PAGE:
# Finding size of Variable

Jussi Piitulainen jpiitula at ling.helsinki.fi
Wed Feb 12 10:35:22 CET 2014

```Chris Angelico writes:
> On Wed, Feb 12, 2014 at 7:57 PM, Jussi Piitulainen wrote:
> >> In Python, integers have arbitrary precision, but floats, Fractions,
> >> and Decimals, don't. Nearly any operation on arbitrarily large
> >> numbers will be either more accurate or more efficient (maybe both)
> >> with integers than with any of the other types.
> >
> > Is that true about Fractions?
>
> I'm not 100% sure if fraction.Fraction and decimal.Decimal ever limit
> the size or precision of their data, but certainly if they don't,
> it'll be at horrendous expense of performance. (Decimal can add and
> subtract in reasonable time complexity, but multiplication and
> division will get slow when you have huge numbers of digits. Fraction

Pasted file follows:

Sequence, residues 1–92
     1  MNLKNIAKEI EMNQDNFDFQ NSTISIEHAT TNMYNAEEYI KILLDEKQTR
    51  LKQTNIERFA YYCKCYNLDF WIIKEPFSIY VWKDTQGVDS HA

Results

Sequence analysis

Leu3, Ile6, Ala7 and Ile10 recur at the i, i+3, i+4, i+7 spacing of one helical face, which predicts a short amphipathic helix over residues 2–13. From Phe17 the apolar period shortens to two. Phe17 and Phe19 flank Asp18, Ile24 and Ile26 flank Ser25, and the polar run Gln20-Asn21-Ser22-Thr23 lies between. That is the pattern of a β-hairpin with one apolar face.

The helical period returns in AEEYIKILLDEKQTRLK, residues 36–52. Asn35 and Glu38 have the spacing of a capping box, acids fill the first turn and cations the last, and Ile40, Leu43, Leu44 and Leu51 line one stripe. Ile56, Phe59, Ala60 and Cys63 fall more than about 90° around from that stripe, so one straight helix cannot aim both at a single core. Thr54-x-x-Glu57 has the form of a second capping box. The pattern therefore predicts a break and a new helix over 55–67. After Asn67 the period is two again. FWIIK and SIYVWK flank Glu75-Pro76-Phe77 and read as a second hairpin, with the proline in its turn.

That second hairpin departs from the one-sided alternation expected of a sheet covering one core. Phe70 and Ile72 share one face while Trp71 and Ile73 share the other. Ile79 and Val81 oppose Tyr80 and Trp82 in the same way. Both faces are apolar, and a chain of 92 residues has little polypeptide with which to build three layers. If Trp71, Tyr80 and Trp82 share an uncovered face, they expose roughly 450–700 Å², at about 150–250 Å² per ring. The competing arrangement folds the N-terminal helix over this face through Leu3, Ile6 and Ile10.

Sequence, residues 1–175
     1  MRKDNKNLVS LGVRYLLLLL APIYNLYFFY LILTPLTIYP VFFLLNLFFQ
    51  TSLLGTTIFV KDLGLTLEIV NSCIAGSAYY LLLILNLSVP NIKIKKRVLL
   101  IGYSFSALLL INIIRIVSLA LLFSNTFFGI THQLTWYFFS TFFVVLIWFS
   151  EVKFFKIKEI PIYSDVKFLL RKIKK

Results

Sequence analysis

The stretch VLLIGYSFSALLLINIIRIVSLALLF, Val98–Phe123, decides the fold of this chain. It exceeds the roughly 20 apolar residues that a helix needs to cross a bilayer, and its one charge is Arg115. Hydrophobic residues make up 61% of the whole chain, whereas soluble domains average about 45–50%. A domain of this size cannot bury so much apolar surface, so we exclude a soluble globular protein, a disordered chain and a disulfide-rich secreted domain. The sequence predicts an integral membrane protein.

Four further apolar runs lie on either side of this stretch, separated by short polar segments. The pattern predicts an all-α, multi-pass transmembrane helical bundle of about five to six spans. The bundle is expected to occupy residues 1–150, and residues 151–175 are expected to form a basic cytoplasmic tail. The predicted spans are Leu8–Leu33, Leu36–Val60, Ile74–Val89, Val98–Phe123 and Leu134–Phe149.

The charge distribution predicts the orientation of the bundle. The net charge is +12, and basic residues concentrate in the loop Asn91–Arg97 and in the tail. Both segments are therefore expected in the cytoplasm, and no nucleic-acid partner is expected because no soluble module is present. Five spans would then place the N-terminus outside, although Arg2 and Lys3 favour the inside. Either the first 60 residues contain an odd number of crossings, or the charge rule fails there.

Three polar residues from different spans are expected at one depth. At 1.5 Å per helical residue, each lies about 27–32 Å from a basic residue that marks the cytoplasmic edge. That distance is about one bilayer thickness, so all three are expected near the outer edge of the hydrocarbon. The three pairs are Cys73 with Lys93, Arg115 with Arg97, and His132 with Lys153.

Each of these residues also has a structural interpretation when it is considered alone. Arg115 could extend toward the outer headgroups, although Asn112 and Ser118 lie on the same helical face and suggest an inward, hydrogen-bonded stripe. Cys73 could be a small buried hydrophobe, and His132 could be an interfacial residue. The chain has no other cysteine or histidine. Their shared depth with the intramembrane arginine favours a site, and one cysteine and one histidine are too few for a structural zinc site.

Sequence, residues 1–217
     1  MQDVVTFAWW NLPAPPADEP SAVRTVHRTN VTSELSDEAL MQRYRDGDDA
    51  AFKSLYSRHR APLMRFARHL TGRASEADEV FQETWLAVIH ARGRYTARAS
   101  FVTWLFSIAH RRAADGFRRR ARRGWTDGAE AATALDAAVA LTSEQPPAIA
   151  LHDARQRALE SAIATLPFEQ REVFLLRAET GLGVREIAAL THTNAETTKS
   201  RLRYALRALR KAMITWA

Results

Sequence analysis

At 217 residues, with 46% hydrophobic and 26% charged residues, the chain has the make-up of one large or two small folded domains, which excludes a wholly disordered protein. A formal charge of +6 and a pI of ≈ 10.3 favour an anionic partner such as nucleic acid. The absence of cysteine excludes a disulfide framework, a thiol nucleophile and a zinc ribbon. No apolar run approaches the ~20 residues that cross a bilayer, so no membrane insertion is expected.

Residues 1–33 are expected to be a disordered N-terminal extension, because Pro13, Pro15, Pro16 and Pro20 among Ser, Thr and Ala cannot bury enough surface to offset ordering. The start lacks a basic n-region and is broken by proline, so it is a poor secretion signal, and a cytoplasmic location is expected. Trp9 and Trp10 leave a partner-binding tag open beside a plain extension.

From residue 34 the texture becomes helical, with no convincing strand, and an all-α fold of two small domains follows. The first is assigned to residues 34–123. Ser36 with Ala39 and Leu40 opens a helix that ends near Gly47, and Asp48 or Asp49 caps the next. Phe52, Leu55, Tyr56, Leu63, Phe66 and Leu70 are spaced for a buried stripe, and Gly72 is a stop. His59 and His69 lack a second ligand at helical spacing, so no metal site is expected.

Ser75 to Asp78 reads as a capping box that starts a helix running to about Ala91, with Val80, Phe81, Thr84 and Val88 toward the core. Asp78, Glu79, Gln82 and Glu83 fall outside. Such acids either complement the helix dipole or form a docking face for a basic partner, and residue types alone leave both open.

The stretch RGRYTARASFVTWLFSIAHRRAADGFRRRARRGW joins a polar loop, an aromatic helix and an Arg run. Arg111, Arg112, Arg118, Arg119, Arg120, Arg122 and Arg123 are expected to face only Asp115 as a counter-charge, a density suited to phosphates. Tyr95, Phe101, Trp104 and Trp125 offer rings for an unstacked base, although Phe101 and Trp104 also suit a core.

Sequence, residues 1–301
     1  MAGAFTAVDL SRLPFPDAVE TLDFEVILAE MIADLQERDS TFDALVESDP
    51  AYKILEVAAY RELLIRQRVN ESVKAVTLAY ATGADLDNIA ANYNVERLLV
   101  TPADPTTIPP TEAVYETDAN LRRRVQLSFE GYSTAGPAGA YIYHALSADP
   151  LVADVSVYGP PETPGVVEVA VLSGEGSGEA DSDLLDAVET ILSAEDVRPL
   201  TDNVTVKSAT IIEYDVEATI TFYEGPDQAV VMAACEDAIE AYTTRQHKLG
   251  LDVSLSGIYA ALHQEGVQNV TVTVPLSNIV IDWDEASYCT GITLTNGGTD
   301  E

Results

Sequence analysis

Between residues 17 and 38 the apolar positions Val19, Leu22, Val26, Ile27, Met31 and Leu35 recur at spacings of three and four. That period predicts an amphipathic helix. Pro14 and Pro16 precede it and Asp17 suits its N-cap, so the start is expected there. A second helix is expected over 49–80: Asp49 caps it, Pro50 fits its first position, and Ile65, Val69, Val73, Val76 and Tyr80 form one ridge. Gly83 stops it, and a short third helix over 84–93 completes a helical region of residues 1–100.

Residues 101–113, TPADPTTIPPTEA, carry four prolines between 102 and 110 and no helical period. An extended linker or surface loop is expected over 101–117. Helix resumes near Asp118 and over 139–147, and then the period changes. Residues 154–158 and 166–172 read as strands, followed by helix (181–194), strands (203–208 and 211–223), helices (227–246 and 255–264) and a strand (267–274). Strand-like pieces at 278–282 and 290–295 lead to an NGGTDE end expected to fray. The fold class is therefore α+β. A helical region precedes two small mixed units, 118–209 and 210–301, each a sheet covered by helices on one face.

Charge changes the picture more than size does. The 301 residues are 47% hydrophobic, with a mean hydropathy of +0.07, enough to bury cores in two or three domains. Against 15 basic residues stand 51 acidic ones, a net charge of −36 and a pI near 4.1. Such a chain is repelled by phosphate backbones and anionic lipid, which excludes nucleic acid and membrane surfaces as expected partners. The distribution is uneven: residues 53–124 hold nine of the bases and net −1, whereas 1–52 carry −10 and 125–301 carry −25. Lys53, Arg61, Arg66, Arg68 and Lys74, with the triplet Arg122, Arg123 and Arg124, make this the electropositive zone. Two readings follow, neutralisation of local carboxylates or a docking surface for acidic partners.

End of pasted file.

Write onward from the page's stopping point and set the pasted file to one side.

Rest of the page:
> can multiply and divide efficiently, but will get crazily slow on
> addition and subtraction.) Integers are an optimized case in many
> ways. I can do accurate arbitrary-precision integer arithmetic without
> worrying about simple operations suddenly saturating the CPU. I can't
> do that with non-integers in any way.
>
> It's not optimized for natural numbers (nonnegative integers), as
> negatives are just as cheap as positives, but it's certainly an
> optimization for integers.

Right. I don't know about Decimal, but I don't think there are any
precision restrictions in Fraction, other than running out of heap (or
possibly integer precision).

In my (quite limited) experience, the most expensive operation on both
exact rationals and exact integers has been the printing, in decimal,
of several screenfuls of digits. The actual calculations have taken a
couple of seconds and then I have wished that I could interrupt the
printing of a single number :)

```